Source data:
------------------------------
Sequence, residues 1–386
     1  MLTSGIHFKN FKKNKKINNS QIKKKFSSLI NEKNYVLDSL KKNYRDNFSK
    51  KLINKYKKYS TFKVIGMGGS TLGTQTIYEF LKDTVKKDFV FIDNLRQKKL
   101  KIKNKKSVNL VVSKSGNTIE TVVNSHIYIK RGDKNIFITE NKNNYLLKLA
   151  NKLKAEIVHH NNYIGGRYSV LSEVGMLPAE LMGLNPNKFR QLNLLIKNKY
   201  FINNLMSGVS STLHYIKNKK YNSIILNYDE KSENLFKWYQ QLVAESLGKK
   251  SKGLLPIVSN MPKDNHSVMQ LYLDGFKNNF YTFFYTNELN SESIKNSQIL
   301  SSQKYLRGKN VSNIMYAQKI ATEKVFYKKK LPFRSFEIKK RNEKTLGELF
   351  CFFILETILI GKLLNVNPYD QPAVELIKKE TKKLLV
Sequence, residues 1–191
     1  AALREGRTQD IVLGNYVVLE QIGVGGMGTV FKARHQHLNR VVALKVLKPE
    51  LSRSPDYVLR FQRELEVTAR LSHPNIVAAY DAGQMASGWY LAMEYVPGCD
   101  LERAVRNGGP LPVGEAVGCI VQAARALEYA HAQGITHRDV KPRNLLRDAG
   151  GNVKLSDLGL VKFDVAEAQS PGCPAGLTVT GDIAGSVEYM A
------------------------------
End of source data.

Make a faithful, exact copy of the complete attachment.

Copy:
Sequence, residues 1–386
     1  MLTSGIHFKN FKKNKKINNS QIKKKFSSLI NEKNYVLDSL KKNYRDNFSK
    51  KLINKYKKYS TFKVIGMGGS TLGTQTIYEF LKDTVKKDFV FIDNLRQKKL
   101  KIKNKKSVNL VVSKSGNTIE TVVNSHIYIK RGDKNIFITE NKNNYLLKLA
   151  NKLKAEIVHH NNYIGGRYSV LSEVGMLPAE LMGLNPNKFR QLNLLIKNKY
   201  FINNLMSGVS STLHYIKNKK YNSIILNYDE KSENLFKWYQ QLVAESLGKK
   251  SKGLLPIVSN MPKDNHSVMQ LYLDGFKNNF YTFFYTNELN SESIKNSQIL
   301  SSQKYLRGKN VSNIMYAQKI ATEKVFYKKK LPFRSFEIKK RNEKTLGELF
   351  CFFILETILI GKLLNVNPYD QPAVELIKKE TKKLLV
Sequence, residues 1–191
     1  AALREGRTQD IVLGNYVVLE QIGVGGMGTV FKARHQHLNR VVALKVLKPE
    51  LSRSPDYVLR FQRELEVTAR LSHPNIVAAY DAGQMASGWY LAMEYVPGCD
   101  LERAVRNGGP LPVGEAVGCI VQAARALEYA HAQGITHRDV KPRNLLRDAG
   151  GNVKLSDLGL VKFDVAEAQS PGCPAGLTVT GDIAGSVEYM A